Concluding Oscar catch-up: Living is a precise and compassionate reworking of Akira Kurosawa’s 1952 drama Ikiru — one of his less typical masterpieces, away from samurai or Shakespeare or noir. Both films tell the story of a bureaucrat, stricken with stomach cancer, who finds it in himself to cut through the red tape and leave something behind. Living is set around the same time as Ikiru was first released, which makes it a period piece where Ikiru wasn’t. Both films unfold less than a decade after World War II, and each society — Living takes place in 1953 London — deals in ways large and small with the lingering shock and horror of the war. In a place that has been bombed near to oblivion, what difference does one playground make?

One act, one word, of kindness, it is said, can make an immeasurable difference. The bureaucrats in this story — inspired by a Tolstoy novella — take the news of their impending deaths with a kind of numb stoicism. In Ikiru, there’s a startling moment when the protagonist exits his doctor’s office and steps out onto the sidewalk; all noise disappears from the soundtrack, until a truck comes roaring into the frame. There’s nothing quite like that in Living, which has been directed by Oliver Hermanus with a subtlety bordering on blandness. Hermanus may have figured, “I’m not even going to try to out-direct Kurosawa.” So, although gracefully lighted (by Jamie D. Ramsay), the film screens in the boxy old Academy ratio. The movie almost apologizes for itself by way of its modest scale and style.

Bill Nighy, as this film’s new dying bureaucrat Mr. Williams, doesn’t have that neurosis, it seems. He doesn’t see himself as being in competition with Takashi Shimura, who played Kurosawa’s fool turned hero; Nighy came up in the theater, where if you think too much about the greats who once sparkled in the role you’re currently playing, you go nuts. So he just approaches Mr. Williams as a man whose juice was squeezed out many years ago, and whose dire diagnosis gives him license to shake the tree a little. But just a little. At first, Mr. Williams contemplates ending himself before the cancer does; then he spends a night out with a guy he’s just met, drinking and singing. In the cold light of day, he realizes that a trio of ladies who’ve been bouncing off the bureaucracy in hopes of getting a playground built point down a more difficult but rewarding path.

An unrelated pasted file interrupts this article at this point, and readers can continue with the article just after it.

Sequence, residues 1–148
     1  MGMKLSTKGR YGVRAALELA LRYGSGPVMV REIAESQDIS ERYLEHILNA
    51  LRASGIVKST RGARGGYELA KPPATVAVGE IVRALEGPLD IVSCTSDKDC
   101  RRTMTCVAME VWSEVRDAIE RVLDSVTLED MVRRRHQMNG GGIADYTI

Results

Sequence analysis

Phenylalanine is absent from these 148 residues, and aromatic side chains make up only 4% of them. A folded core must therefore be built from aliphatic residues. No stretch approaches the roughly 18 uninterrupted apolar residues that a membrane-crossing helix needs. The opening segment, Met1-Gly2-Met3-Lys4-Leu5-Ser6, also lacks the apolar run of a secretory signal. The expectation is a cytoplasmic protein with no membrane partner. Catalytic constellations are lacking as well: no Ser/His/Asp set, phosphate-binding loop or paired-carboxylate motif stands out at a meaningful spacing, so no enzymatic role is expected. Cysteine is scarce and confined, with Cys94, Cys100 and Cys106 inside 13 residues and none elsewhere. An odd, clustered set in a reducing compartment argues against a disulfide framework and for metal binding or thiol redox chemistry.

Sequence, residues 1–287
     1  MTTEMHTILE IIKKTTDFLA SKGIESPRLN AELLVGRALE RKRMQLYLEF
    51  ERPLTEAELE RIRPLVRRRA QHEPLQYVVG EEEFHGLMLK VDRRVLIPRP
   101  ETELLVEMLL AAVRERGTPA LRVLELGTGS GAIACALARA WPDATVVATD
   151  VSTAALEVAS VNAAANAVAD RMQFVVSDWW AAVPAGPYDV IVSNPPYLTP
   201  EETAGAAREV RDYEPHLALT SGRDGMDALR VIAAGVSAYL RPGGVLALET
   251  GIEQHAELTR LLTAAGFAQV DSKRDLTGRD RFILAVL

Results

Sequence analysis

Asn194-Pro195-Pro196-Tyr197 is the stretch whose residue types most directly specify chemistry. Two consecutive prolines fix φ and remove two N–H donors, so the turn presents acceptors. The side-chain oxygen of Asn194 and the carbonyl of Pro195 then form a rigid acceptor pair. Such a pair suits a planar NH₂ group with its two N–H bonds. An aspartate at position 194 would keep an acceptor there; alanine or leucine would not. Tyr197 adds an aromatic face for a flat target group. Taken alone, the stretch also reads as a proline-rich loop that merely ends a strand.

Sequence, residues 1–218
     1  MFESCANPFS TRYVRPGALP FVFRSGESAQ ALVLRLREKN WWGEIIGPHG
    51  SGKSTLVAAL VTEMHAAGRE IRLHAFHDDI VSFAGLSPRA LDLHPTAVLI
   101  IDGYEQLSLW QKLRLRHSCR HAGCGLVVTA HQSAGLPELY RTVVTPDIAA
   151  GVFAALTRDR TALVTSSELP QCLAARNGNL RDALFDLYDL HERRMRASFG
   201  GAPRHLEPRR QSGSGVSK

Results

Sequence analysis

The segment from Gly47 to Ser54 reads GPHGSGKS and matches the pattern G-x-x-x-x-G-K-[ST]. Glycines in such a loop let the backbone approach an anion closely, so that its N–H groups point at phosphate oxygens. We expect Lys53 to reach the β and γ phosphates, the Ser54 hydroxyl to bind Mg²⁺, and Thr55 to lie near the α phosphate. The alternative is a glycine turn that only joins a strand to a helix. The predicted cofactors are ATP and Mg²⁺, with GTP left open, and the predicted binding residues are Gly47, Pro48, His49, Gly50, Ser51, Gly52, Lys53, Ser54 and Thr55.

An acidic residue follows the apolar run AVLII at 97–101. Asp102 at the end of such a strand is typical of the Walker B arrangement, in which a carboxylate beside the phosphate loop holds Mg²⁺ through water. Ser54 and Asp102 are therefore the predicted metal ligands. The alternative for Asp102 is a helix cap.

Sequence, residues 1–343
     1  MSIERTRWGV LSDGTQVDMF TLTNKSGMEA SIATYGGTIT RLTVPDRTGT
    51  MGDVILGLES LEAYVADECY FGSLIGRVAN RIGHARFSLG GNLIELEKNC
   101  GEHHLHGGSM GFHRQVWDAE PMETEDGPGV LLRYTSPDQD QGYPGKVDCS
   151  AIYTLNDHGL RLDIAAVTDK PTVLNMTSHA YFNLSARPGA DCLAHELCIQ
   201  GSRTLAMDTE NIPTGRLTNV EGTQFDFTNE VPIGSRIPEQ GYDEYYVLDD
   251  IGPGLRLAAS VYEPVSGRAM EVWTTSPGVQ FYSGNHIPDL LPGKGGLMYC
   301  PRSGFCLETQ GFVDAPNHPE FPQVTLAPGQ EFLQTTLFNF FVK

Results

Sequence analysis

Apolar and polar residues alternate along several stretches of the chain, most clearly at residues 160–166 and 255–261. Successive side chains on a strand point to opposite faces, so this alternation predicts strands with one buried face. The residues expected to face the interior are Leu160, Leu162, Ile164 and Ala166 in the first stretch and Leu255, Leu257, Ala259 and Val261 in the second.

Adapting Ikiru, one of his all-time favorites, Kazuo Ishiguro doesn’t give Mr. Williams too much of an obvious Scrooge arc. Pre-diagnosis, Mr. Williams isn’t particularly unpleasant or domineering, just, as one of his underlings says, “frosty.” And he only thaws maybe a couple of degrees. I imagine some of the people who deal with him once he starts taking the playground seriously might find him prickly, but the fact that his demeanor doesn’t change much adds layers to the performance. Mr. Williams is using his polite but iron imperviousness to get something done instead of to stonewall something getting done. His actions change radically, but he’s still the same dyspeptic geezer nicknamed by his young former worker Miss Harris (Aimee Lou Wood) as “Mr. Zombie.”

Nighy fills out a hollow man who begins the movie in general sadness, is given something to be really sad about, and takes it as an impetus to run counter to his entire career. But the sadness remains, and persists. So do we. It’s a very Kurosawa concern, and Ishiguro honors it: life is just people navigating their private sadness. No exceptions. No one here gets out alive. Ikiru is tough stuff in the Kurosawa mold because it’s bracingly wise about human frailty; so is Ishiguro (author of Remains of the Day), though in a different mode. Kurosawa was much more acerbic, even withering, about the salaryman ethos of the bureaucracy. His office drones would turn you down gruffly. The ones in Living hem and haw and smile politely, but it comes to the same. The new movie doesn’t have any real malice towards the city-hall blockers. They’re all part of the same sad system, and the only one who can short-circuit it for a little while is going to die soon. 

Explore posts in the same categories: drama, remake

Leave a Reply

Fill in your details below or click an icon to log in: Logo

You are commenting using your account. Log Out /  Change )

Facebook photo

You are commenting using your Facebook account. Log Out /  Change )

Connecting to %s

%d bloggers like this: